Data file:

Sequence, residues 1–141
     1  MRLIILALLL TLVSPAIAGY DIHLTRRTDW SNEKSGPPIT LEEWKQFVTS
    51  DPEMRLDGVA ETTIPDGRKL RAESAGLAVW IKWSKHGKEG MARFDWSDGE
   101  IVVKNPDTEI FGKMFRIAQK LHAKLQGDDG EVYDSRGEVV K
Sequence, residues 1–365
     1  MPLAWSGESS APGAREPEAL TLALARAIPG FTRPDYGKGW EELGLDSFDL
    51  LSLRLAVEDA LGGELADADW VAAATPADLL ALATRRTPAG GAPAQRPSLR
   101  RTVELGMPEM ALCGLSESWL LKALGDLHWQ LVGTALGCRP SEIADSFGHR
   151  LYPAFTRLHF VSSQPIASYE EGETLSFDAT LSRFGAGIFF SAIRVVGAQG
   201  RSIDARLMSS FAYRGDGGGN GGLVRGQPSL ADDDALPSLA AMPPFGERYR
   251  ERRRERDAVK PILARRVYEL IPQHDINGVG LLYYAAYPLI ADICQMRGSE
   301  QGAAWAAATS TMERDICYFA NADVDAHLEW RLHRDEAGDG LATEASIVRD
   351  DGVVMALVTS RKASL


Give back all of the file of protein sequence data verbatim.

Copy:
Sequence, residues 1–141
     1  MRLIILALLL TLVSPAIAGY DIHLTRRTDW SNEKSGPPIT LEEWKQFVTS
    51  DPEMRLDGVA ETTIPDGRKL RAESAGLAVW IKWSKHGKEG MARFDWSDGE
   101  IVVKNPDTEI FGKMFRIAQK LHAKLQGDDG EVYDSRGEVV K
Sequence, residues 1–365
     1  MPLAWSGESS APGAREPEAL TLALARAIPG FTRPDYGKGW EELGLDSFDL
    51  LSLRLAVEDA LGGELADADW VAAATPADLL ALATRRTPAG GAPAQRPSLR
   101  RTVELGMPEM ALCGLSESWL LKALGDLHWQ LVGTALGCRP SEIADSFGHR
   151  LYPAFTRLHF VSSQPIASYE EGETLSFDAT LSRFGAGIFF SAIRVVGAQG
   201  RSIDARLMSS FAYRGDGGGN GGLVRGQPSL ADDDALPSLA AMPPFGERYR
   251  ERRRERDAVK PILARRVYEL IPQHDINGVG LLYYAAYPLI ADICQMRGSE
   301  QGAAWAAATS TMERDICYFA NADVDAHLEW RLHRDEAGDG LATEASIVRD
   351  DGVVMALVTS RKASL